Ag's response to coronavirus flap - Stay calm and carry on

No coronavirus panic in ag sector where agenda is focused and rain-revived


There are no glaring reasons for the farm sector to be spooked by the pandemic panic


Australia's coronavirus-chilled economy looks set to slide into its first recession in almost three decades, but there are no glaring reasons for the farm sector to be spooked by the pandemic panic.

While fears about a significant income setback have pervaded other sectors such as tourism, education, transport and the stock market, the mood in rural Australia was more positive than it had been for a long time, according to agribusiness leader, Mark Allison.

"We don't need to panic," said the Elders managing director and president of Agribusiness Australia.

"Let's just keep a low and steady pulse rate and focus on our main game."

Recent timely rain across much of the continent's cropping and pastoral country would likely see some drought-hit farmers planting "fence to fence winter crops" for the first time in two or more years in areas of North West NSW and southern Queensland.

You can even get by without toilet paper in the bush now we've got grass - Mark Allison, Elders

More general rain events would be important nation-wide before Anzac Day, but in general eastern Australia had not seen the prospect of such a good start to the cropping season for three years.

In many cases croppers could even save on fertiliser inputs, too, as carry-over nutrient levels would be considerable in paddocks which had been forcibly spelled last season.

Factors in ag's favour

Historically low interest rates, a low dollar, a $5.6 billion stockpile of farm management deposit savings, and intense livestock market activity were among a host of other bullish factors in agriculture's favour.

Agribusinesses and farms, including those which had endured a long run of drought conditions, were also generally better braced for fiscal shocks than 10 years ago when the global financial crisis hit banks and markets.

"And you can even get by without toilet paper in the bush now we've got grass," Mr Allison quipped.

He noted the live cattle trade to Vietnam and Indonesia was certainly not derailed by a coronavirus-related slowdown of consumer activity in parts of Asia, while surging domestic restocker demand had underpinned cattle and sheep markets nationally.

Grass finally flourished in many regions where dust and bushfire smoke had been blowing just two months ago.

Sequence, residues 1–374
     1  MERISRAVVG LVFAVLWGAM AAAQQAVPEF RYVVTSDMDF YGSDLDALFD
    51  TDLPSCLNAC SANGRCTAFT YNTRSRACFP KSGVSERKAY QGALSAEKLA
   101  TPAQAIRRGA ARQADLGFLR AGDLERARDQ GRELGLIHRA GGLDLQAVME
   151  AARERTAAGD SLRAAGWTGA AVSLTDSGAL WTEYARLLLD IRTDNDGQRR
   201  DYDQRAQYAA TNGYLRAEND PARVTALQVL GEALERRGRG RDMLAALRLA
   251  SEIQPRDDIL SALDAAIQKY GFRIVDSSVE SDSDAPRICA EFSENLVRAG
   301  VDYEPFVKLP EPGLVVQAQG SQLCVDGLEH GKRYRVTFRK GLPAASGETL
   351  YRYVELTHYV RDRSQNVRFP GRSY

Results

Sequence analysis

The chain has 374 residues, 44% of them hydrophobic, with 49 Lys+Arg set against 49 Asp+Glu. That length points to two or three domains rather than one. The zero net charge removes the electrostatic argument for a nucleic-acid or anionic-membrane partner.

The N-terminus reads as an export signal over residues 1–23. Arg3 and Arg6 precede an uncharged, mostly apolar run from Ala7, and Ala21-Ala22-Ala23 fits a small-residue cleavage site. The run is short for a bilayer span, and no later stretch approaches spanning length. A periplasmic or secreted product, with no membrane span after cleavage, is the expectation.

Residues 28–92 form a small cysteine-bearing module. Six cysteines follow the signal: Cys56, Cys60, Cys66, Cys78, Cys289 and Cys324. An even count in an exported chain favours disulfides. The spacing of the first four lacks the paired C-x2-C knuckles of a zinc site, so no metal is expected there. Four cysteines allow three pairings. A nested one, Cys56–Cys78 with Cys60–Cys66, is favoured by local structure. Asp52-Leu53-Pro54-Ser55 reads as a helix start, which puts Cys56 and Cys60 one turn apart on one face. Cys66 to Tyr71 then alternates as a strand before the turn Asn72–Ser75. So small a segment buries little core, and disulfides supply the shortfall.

Mark Allison

Mark Allison

"Our international livestock business is still going very strongly," he said.

In China, where coronavirus has isolated millions of consumers in their own homes, delivered meal services had ramped up in place of the traditional restaurant dining trade, in turn supporting orders for red meat exports from Australia.

Mr Allison conceded crop chemical delays, particularly for glyphosate and MCPA lines, were among the short term consequences of China's shutdown.


"But 98 per cent of chemical plants are going again in China, so delays shouldn't be a long-running issue," he said.

Similarly, China's massive wool processing sector was not likely to put significant restrictions on its pipeline of buying orders, with mills now getting back to business.

"Maybe we'll see some levels of coronavirus related disruption running in our export markets for two quarters," he said.

"But even then, on a practical level, I don't see regional and rural Australia being hard hit by the disease issue."

Although listed agribusiness, including Elders, were vulnerable to the share market meltdown which had hit the trade in the past two weeks, he pondered if food related stocks may eventually emerge as a safe haven for panicked investors.

Richard Heath

Richard Heath

Australian Farm Institute executive director Richard Heath felt there was no doubt the farm sector would bear the cost of supply chain bottlenecks and freight logistics setbacks.

`Just in time' is now late

"The slowdown in container imports into Australia isn't just a problem for industries relying on goods and components coming from China, it means there's a shortage of containers available for agricultural exports," he said.

"I've known of hay exporters having problems getting containers," he said.

"I think we'll see supply shocks, like the chemical shortage, at different points in quite a few agricultural markets.

"It's a consequence of the just-in-time supply chains we're all part of these days."

While coronavirus had helpfully driven down the Australian dollar at least three cents to about US65c, making exports significantly more attractive, there were now many variables at play which could distort markets, including cheap oil's impact on wool and cotton competitiveness against synthetics.

"Just now it's too hard to speculate about what's likely to fix itself fairly quickly with only a short term impact on farmers, or what might turn into a longer term downturn in financial markets or trade worldwide."

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